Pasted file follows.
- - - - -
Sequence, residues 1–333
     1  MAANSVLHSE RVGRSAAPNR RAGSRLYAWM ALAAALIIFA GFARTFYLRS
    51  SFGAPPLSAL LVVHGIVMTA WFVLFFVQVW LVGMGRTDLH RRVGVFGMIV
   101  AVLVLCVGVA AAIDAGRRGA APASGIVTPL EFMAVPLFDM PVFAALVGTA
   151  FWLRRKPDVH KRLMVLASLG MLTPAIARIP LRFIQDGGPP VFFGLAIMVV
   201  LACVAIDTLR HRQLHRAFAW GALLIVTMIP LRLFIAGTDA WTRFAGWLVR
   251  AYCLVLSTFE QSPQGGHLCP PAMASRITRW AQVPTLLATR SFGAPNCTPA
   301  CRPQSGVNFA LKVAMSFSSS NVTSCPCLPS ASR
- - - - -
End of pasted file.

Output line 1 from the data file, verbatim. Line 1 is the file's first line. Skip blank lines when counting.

Sequence, residues 1–333